The Oracle’s Tale Part 1
(Beep. Music fades in)
I know you have a lot of questions for me. Because that's what always happens. And also, there's a large asymmetry of information happening here--I know so much about you, but whatever forces are whispering this information to me aren't returning any of your calls. Or, more simply, I'm dreaming of you with an astonishing degree of clarity and accuracy, but you've never seen my face--either when you are awake or you’re sleep. Or if you have, you don't realize it, which is pretty much the same thing. And exactly what I’m going for.
Because look, I'm not going to advertise myself as a fortune teller or psychic or medium or whatever the word is this week. That seems woefully impractical when you can't control your powers. Which I can't. If I could, I would have shut them off a long time ago.
Also, it seems… scummy? I guess… I mean, I’d be charging a fee for something that happens to you, assuming this is real. I think it's real. Do you?
On the other hand, knowing creates a sense of responsibility. Or an obligation more accurately. Not even to the other person but to myself. But obligations always come with a choice. At least, I think they do. And I think I’m making okay choices, but I don’t know.
But I'm getting ahead of myself. Let's go back to the beginning of this nightmare, no pun intended.
(Music fades out and new music fades in)
I was a child when it started. Just about to enter my preteens, or so I think. It's hard to know how much of it was real when all I was getting at first were little things--items, words, glimpses—scraps that really could have meant nothing, anything, or everything. I would go about my day to day life and something would catch my eye, reminding me of a dream. As dream and reality lined up perfectly. Or I'd see a word or item in a dream that would have been out of place in my daily life, but sure enough, a few days later, it would appear.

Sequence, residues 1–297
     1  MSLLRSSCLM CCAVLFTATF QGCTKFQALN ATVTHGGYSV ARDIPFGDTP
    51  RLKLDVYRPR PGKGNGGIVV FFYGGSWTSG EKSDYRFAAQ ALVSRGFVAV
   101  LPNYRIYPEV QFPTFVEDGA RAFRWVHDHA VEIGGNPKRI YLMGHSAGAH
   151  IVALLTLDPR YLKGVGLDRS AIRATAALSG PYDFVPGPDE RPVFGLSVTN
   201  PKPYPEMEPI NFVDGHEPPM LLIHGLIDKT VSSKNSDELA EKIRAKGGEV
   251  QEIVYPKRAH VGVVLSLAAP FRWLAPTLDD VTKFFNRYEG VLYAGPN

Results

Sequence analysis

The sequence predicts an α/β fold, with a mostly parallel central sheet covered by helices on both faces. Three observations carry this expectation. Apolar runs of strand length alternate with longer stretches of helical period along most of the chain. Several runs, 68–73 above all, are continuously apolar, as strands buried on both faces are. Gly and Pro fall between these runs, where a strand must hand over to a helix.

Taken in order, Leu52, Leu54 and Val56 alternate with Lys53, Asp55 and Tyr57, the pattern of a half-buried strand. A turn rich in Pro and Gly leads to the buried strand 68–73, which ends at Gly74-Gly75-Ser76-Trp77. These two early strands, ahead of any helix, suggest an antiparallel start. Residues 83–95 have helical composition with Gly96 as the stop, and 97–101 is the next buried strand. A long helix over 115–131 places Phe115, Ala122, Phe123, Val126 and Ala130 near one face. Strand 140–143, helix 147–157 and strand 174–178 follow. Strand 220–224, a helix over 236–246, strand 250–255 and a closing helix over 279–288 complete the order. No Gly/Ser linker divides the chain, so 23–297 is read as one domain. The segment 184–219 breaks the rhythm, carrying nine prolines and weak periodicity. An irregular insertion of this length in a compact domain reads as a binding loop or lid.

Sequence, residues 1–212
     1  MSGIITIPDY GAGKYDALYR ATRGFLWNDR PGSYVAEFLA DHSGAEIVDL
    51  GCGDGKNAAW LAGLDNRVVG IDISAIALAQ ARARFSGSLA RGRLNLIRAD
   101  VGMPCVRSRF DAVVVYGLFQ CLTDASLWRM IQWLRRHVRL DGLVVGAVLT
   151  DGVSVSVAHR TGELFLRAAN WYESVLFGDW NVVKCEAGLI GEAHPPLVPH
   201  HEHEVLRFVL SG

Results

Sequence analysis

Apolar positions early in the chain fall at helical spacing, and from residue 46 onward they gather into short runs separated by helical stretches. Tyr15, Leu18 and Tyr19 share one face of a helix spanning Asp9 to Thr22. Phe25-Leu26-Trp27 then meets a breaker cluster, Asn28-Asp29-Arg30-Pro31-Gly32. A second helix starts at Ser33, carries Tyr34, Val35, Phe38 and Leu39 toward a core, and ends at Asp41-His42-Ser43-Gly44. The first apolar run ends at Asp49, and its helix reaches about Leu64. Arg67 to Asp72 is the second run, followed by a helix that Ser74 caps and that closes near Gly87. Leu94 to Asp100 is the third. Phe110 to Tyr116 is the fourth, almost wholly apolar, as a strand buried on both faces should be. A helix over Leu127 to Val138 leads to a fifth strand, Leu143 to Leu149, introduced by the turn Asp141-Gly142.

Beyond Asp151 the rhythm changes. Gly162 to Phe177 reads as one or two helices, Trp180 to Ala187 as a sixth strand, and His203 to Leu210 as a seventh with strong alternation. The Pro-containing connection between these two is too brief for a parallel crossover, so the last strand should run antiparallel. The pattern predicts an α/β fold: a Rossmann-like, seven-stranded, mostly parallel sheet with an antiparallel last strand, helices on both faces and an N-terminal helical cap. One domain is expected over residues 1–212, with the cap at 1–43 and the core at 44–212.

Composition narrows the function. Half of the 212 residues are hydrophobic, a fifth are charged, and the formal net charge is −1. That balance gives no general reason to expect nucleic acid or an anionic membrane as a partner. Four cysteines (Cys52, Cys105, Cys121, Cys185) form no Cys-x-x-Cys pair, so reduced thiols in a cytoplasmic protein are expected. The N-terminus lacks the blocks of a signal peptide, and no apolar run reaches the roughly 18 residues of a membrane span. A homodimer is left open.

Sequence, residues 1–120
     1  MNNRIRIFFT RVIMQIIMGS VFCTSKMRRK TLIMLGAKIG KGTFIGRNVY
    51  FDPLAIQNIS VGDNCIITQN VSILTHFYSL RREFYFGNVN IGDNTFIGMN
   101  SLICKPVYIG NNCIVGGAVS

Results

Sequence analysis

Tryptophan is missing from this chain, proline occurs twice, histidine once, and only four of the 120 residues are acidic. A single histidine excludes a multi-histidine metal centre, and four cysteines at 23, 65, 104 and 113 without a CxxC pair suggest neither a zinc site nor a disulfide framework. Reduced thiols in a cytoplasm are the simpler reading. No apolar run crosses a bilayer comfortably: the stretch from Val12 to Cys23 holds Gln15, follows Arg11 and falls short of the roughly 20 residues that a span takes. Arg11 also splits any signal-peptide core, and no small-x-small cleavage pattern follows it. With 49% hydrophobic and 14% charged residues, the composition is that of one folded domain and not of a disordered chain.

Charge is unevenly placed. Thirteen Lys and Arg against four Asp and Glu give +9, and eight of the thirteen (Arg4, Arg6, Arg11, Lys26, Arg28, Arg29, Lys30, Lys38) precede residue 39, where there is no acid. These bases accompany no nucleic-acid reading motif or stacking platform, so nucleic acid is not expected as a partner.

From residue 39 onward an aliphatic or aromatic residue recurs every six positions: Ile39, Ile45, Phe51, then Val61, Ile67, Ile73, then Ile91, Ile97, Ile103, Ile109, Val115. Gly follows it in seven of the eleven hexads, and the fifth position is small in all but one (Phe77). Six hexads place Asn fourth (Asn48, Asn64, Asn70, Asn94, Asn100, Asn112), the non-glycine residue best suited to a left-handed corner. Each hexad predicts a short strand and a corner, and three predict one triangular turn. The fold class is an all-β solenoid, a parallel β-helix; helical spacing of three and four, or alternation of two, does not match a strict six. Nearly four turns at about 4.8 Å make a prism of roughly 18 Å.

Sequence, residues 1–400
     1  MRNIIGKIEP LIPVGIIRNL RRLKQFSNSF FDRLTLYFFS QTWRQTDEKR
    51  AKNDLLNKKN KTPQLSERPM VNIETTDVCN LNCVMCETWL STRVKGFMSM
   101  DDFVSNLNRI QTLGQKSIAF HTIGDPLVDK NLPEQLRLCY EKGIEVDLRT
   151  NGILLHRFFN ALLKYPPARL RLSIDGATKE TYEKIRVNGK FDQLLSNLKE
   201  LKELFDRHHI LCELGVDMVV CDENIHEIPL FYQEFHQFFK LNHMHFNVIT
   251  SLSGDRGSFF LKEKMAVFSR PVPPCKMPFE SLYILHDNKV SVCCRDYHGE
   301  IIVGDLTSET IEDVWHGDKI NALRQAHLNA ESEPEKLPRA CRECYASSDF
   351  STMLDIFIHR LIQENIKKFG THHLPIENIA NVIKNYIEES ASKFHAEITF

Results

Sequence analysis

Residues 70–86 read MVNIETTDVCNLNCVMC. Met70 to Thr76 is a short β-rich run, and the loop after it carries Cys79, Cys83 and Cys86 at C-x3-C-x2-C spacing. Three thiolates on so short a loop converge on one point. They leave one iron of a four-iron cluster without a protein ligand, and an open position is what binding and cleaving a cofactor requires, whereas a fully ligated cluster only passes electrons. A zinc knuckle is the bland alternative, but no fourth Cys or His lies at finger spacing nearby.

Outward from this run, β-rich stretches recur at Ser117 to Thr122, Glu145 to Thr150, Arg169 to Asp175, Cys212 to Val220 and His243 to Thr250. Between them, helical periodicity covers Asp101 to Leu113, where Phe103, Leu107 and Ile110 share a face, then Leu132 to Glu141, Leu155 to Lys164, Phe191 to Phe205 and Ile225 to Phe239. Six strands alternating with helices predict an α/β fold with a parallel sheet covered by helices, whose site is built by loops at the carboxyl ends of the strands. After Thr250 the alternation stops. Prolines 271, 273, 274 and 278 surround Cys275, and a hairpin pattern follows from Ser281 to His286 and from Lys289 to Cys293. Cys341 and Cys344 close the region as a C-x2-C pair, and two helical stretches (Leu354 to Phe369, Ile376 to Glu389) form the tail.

There’s so many little moments like this. The line between truth and distorted memory is blurry. But there is one instance that stands out in my mind.
(Music fades out and new music fades in)
Once upon a dream, I opened my eyes and saw the word lung written across a paper presented in front of me where I was sitting. Almost like it was waiting for me to open my eyes and see it. My dream eyes, this is, not my real one. But I really can’t explain to you, besides context, what the difference really is.
I took the sight in. But it wasn’t that interesting, and I was a child. It was straightforward that my eyes only lingered for a moment. I lifted my head to myself in my classroom. The classroom I spent every day in. I knew it quite well. Every last detail matched perfectly. It looked so real…
And yet, I still I knew I was dreaming, but I could easily convince myself I wasn't. After all, back then, I still didn't really know what was happening myself. Never mind understand. Which I still don’t… But back then, I didn't have a schema with which to latch myself onto in the storm of surprises and other strong winds. There was just me lost in unfamiliar, familiar territory. Scared and very much confused.
I lifted my eyes. I watched my teacher go through the motions of teaching math to restless middle school students. We weren't a well-behaved lot. To put it lightly. We weren’t worse than your average middle school class, but we were a remarkably average lot before a woman who was far from remarkably average.
She was too good for us. Too warm. She was like the keeper of one of the flames that kept the world warm, and there she was, jeopardizing the world just to teach us math.
And I cherished her for it.
In the dream, she went about teaching. She moved. She gestured. She walked. But the paper sat still in front of me, motionless. A paper like all papers. But somehow it was yelling. Or it felt like it was yelling. I didn’t hear anything, but still I could the magnitude of the word all without hearing it. It shook me. Or I was just trembling. Either was possible.
I tried to look away from my teacher to find the source of this: of the note or of the yelling, or of all these things I didn't understand. But I couldn't. I couldn't move. I couldn't look away from my teacher. And I didn't understand why
Lungs, I felt. Lungs.
And saw her.
(Music fades out)
The next week at school she has an asthma attack. A horrible one. On a day she was not armed with a working inhaler.
(Music fades in)
I didn't help her. Not in the way you might expect. I ran to the classroom next door and got an adult far more capable than I have ever been.
That teacher was the only one at the school I ever talked to. She was one of the few adults in my life that I felt like I could talk to. So when the weight of the dream got to be too much for me, well, I ran to her. I waited until lunch, and I slipped into her classroom to spend the hour talking.
And that's when I found her.
Lungs, I heard.
Lungs, the dream said.
Her lungs are what almost killed her.
(Music fades out. Beep.)